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DS Tokyo Beat Down 7.1
Xbox 360 Fracture 8.0
MOVIE The Unborn 0
PC Left 4 Dead 8.7
Xbox 360 Mirror's Edge 8.5
MOVIE Dead Space Downfall 3.5
MOVIE The Day the Earth Stood Still 0.5
PSP Super Stardust Portable 9.7  CHOICE PICK
PSP Need for Speed Undercover 2.8
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Friday, February 23, 2007

Game Review:Crackdown

Crackdown is the second sandbox-styled game to hit the Xbox 360 after last year’s Saints Row. Being a gamer whom has not been exposed to these types of games before, Crackdown is certainly a fresh experience for me. Promises of open-world freedom, superhuman powers and great explosion effects made me take a rest from the usual FPS and racing games and persuaded me to try my hands on Crackdown. So, how did Crackdown fare as a whole? Read on.

Basically, Crackdown takes place in a fictitious location known as Pacific City, which is currently being controlled by 3 major gangs consisting of 7 gang leaders each. The game puts you into the shoes of a superhuman cop and your main objective is to send all of the 21 gang leaders to their demise so that order is restored to Pacific City. The story is very vague, actually, and it is only told through 2 cut scenes, one before you even started playing the game, and one after you have completed the game. The story is shallow, mostly negligible since Crackdown does little to provide further explanation to the story once the game commences.

As mentioned before, you are in control of a cop with superhuman powers, but it is not something that you start with in the game. In order to gain more power as you progress further into the game, you are required to increase the skills ratings for each attribute of your character, namely strength, driving, firearms, explosives and agility. There are various ways to increase the skills ratings for each attribute. For example, to increase your agility, you need to collect agility orbs or you can choose to kill enemies from a height that is higher than theirs. I find that collecting agility orbs and hidden orbs, which expand your skills ratings for every attribute, can be quite addicting in the game as well. Get past the first few parts of the game and you will find that you will start enjoying the game more. Jumping from roof to roof becomes the norm as your agility skills ratings reach 3 stars. Similarly, you will gain the ability to carry huge vehicles around and hurl them at enemies or kill them each with one kick starting from a skills rating for strength of 3 stars. The overall experience of the game is considerably fun and satisfying, to say the least.

Another thing I like about Crackdown is that you can drive any vehicle that you encounter. Instead of some haphazard development work from the developers, I can actually feel that each vehicle handles differently and uniquely, not to mention appropriately. Music only starts playing when you are in a vehicle, but it is mostly forgettable. With an increased skills rating for driving, Agency vehicles also perform transformations, weapons included.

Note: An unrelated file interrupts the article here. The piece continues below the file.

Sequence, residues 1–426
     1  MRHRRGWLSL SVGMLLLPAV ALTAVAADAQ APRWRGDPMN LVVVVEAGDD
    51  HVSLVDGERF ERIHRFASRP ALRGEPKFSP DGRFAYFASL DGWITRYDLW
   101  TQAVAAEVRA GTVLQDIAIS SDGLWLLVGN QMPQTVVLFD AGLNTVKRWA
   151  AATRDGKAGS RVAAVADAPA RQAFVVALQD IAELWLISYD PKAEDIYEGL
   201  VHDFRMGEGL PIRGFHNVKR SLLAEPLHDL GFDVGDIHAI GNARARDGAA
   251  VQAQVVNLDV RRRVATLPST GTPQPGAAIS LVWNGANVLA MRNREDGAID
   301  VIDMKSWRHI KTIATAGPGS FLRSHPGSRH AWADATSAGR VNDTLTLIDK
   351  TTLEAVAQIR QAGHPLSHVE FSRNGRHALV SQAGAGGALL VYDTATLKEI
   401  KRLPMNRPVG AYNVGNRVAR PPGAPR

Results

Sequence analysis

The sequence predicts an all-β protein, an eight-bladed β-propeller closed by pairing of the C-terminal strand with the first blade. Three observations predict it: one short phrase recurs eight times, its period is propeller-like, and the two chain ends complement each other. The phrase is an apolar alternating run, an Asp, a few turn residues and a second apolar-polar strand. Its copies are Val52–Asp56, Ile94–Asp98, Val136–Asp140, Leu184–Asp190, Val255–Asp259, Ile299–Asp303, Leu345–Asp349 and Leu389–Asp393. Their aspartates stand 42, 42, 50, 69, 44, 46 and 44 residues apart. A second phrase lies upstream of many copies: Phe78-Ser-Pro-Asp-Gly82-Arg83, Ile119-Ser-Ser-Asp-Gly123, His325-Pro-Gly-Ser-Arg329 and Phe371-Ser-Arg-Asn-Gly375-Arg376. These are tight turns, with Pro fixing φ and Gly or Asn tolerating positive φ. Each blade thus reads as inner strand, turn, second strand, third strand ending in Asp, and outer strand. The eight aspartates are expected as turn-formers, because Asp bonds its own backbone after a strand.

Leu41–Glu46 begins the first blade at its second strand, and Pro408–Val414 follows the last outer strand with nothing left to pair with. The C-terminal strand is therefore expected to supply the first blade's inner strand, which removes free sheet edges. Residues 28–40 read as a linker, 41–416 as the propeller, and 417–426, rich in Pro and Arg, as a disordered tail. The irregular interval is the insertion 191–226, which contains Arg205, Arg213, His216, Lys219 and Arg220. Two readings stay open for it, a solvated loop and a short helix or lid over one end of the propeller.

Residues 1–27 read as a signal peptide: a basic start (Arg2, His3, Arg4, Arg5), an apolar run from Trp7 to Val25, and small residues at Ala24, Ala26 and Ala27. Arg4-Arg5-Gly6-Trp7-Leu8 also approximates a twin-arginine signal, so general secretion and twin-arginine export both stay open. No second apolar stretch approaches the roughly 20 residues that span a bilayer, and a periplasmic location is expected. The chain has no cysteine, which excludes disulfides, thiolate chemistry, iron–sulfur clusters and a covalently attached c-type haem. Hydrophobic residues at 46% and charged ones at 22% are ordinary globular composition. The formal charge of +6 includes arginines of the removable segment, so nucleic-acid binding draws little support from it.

Crackdown, like any other sandbox-styled games should, also does well to provide you with some interesting side missions that include road races, which simply requires you to drive from one checkpoint to the other and rooftop races, which are similar to road races, except that the checkpoints are not on ground-level. Although they do not in any way contribute to the accomplishment of your main objective, I find them fun to attempt. Either side mission will earn you extra points for the respective attributes.

Crackdown implements something unique known as the supply points as well. These are your respawn points in the game. For example, if you die in the game, you will respawn at one these points – with your weapons all intact and reloaded. Reclaiming more supply points open up several shortcuts in the city, making teleporting from one portion of a city to another a simple affair.

Finally, the explosions in Crackdown are just amazing and spectacular. A grenade thrown near a vehicle may blow it up into the air, with smoke, of course. Pile some vehicles together, and then use a rocket launcher to hit the pile, after which you should enjoy what happens. Your character performs a long distance fly too if he has been hit by a rocket. It all adds up to explosion effects that are almost of Lost Planet: Extreme Condition’s calibre. Besides the explosion effects, you can also admire the water in Crackdown. A large white glimmer or myriads of sparkling diamonds on the surface of the water when it is a sunny day? It is realistic and beautiful.

However, like many other games, Crackdown does have its shortcomings. For a start, I feel that the game is somewhat linear. There seems to be fixed procedure to go about in the game and you will hardly find yourself getting stuck (which means you will never need a game guide): Drive around or just explore. Want to know where a particular gang leader is holed up in? Spot any large or complex building that is out of the ordinary and approach it. Before you know it, an icon representing the gang leader will appear in your HUD. All you need to do now is to track that icon down and kill the gang leader. Silenced the gang leader and you are done? Repeat the above steps. Disappointingly, the core gameplay of Crackdown has been summarized in just one paragraph. The only variety it offers is that you can select the order of the gang leaders whom you want to tackle first and that there are various ways to enter a gang leader’s residence.